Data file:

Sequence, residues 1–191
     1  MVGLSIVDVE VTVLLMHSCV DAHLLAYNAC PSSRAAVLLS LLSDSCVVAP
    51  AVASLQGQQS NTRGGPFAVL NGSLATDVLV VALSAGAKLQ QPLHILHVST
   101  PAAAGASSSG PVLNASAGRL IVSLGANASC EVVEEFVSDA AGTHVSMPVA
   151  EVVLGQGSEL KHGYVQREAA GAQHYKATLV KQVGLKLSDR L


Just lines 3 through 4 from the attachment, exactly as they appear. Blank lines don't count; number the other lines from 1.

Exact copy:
    51  AVASLQGQQS NTRGGPFAVL NGSLATDVLV VALSAGAKLQ QPLHILHVST
   101  PAAAGASSSG PVLNASAGRL IVSLGANASC EVVEEFVSDA AGTHVSMPVA